What are the design trade-offs for ballot initiative process?

The purpose of ballot initiative is to offer ordinary citizens access to lawmaking. This goal can be accomplished well or poorly. Not all states have the same ballot initiative process. The devil is in the details. Just like a well written constitution profoundly effects the democracy of a country, a well written initiative process can do so as well. If one was to start from scratch, what are the most important aspects to consider?

The main design questions surround qualification. The purpose of qualification is to assess whether the proposed initiative is of sufficient interest to the public to justify further process and investment. Many initiatives will be drafted, but only a few will be qualified. A poorly drafted law can ultimately be much more expensive than investing adequately upfront to refine the drafting of a ballot initiative prior to passage. Cost to the public is mainly a concern prior to qualification; after qualification, quality is more important than cost.

  • A proposed statute (law) or constitutional amendment is drafted.
    If the text of an initiative must be finalized prior to qualification, it is important to invest significant effort in drafting. On the other hand, if the text of an initiative can be changed after qualification, it is less important to perfect the proposal early on. Ordinary citiziens are typically not experts in drafting legal documents. The text of an initiative can usually benefit from editing by a lawyer specialist.
  • The proposal is qualified to establish whether there is sufficient interest to place the proposal before the electorate.
    The trade-off in qualification is between cost and accuracy. One way this is expressed is in different petition requirements around the country. Larger petition thresholds are seen as more accurate, but of course they are more costly. Lower petition thresholds (and electronic signitures) are seen as less accurate and less costly. If qualification is too easy then the public will be faced with too many initiatives to vote on. If qualification is too hard then many worthy proposals will not make it to the ballot. The ideal process for qualification would be both accurate and inexpensive (e.g., a scientific poll).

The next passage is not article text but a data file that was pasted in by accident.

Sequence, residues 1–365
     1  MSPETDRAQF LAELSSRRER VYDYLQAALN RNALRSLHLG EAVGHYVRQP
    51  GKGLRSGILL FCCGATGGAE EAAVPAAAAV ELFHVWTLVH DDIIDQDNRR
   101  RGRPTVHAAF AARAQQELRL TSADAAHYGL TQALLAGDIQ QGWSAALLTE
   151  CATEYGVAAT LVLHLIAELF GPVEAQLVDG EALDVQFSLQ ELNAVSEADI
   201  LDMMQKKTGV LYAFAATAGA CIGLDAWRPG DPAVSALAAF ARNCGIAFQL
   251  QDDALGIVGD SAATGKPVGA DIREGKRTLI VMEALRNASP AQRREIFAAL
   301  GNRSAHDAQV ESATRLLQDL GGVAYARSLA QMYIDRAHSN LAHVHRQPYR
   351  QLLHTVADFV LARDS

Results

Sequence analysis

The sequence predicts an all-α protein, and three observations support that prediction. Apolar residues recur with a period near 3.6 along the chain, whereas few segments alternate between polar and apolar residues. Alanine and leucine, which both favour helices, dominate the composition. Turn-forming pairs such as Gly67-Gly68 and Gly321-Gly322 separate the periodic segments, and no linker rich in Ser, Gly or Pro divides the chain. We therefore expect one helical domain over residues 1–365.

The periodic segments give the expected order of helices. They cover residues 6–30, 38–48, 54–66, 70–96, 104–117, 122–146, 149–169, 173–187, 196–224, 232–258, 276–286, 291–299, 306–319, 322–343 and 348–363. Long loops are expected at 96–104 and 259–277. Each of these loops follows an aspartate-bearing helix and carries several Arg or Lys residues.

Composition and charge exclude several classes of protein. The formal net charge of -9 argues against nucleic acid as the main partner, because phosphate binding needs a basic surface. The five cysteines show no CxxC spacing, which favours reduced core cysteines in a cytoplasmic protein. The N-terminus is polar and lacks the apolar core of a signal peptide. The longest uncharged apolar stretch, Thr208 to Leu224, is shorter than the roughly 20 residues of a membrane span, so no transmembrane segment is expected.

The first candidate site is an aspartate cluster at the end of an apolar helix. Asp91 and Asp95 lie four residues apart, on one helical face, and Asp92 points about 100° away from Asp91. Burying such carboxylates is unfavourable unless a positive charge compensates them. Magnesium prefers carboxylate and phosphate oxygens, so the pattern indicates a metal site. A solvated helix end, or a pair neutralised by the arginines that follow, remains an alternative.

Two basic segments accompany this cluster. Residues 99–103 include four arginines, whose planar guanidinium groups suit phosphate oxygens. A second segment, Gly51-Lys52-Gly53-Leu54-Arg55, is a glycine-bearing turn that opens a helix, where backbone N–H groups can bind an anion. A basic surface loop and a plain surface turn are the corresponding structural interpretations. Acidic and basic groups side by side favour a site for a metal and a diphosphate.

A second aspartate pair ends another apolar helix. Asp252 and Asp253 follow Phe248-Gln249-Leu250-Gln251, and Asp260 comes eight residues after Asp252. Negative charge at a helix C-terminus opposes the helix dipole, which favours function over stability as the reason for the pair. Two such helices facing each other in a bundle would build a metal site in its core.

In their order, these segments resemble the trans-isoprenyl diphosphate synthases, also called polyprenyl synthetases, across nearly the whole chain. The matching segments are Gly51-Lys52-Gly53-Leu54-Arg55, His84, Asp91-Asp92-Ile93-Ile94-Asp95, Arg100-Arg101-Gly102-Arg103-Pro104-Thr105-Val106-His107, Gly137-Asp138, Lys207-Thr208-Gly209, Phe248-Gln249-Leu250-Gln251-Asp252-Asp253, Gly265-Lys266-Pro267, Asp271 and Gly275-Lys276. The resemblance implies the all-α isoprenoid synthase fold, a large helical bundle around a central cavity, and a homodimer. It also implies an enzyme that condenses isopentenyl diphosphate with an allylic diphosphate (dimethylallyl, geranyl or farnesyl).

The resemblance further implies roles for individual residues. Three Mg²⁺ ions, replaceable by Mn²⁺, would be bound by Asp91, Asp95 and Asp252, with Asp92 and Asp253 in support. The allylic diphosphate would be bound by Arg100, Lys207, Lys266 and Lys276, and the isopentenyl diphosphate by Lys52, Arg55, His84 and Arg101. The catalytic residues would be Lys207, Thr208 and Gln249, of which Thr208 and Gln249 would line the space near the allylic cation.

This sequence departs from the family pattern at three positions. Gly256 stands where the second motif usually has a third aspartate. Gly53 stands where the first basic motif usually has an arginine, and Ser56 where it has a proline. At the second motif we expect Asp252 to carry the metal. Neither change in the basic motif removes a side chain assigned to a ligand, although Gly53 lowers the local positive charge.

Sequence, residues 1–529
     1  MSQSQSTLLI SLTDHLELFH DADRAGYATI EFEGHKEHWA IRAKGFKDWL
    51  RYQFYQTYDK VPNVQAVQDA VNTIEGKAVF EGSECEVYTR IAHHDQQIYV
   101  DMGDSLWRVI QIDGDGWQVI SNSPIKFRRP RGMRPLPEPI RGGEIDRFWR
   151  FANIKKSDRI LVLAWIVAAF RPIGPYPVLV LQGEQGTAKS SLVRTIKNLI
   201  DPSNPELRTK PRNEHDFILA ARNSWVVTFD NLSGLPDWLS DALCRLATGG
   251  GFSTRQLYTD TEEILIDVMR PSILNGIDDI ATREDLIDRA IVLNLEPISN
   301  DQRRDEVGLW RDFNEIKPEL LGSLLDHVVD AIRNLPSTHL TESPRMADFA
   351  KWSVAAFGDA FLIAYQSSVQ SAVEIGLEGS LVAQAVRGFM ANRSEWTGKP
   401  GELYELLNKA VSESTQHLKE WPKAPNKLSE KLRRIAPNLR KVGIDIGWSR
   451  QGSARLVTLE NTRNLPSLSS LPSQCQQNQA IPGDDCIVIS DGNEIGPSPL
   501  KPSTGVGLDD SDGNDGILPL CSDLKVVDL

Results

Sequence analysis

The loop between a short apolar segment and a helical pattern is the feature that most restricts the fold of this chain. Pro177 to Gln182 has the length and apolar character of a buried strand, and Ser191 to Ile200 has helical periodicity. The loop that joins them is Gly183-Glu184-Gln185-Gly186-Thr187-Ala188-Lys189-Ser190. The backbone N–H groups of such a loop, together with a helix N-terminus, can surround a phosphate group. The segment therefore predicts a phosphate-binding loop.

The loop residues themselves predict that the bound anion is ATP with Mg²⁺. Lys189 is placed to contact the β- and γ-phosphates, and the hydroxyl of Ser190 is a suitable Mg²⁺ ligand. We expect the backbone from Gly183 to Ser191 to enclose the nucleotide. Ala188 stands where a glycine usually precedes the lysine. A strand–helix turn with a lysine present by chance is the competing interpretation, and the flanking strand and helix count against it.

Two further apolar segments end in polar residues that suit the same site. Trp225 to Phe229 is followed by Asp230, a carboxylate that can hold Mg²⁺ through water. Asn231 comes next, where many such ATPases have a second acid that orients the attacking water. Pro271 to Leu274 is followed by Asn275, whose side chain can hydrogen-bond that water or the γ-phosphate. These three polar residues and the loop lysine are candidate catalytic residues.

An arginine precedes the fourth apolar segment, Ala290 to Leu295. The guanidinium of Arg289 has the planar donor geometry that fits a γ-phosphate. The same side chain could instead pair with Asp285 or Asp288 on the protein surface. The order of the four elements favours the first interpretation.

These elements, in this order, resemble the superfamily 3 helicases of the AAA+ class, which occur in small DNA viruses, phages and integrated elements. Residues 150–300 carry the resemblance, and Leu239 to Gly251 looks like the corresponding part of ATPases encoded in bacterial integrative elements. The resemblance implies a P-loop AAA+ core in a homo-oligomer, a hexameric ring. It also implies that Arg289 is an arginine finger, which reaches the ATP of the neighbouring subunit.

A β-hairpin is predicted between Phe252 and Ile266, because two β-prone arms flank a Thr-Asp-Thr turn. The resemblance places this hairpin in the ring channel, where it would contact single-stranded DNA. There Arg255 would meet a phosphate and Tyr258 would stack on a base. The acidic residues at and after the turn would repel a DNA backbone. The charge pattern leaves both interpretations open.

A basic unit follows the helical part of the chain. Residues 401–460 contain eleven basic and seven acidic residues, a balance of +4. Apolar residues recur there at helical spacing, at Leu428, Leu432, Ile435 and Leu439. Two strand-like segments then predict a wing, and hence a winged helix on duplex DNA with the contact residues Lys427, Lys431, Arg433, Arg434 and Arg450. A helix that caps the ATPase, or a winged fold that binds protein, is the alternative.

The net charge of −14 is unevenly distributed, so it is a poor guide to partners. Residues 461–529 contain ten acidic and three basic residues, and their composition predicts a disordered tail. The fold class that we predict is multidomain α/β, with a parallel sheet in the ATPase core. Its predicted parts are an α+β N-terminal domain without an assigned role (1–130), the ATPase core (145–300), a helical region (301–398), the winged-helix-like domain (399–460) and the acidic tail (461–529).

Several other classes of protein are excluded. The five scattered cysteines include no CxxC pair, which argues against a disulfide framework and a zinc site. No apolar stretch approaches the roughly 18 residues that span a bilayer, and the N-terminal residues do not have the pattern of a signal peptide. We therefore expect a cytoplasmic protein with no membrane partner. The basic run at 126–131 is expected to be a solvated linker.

• The proposed law is discussed. Some degree of deliberation takes place.
    Many commentators have lamented that existing state-level initiative processes fail to sufficiently foster open deliberation. Once a proposal is qualified, minimizing public expense remains important but not at the cost compromising quality deliberation. Citizen juries seem to offer a good balance between quality deliberation and cost.

Key Design Questions

Can the text of a ballot initiative be changed after qualification?

  • If the language of the ballot initiative can be modified, there is some concern whether the proposal remains substantially the same proposal that was qualified.
  • If the language of the ballot initiative cannot be modified then the deliberation phase of the process is going to be much less powerful.

How much money do the proponents have to invest before public funding takes over? (less is better)

How much money does the public have to invest before qualification? (less is better)

A comparison of existing state initiative process and NI4D process can be found here.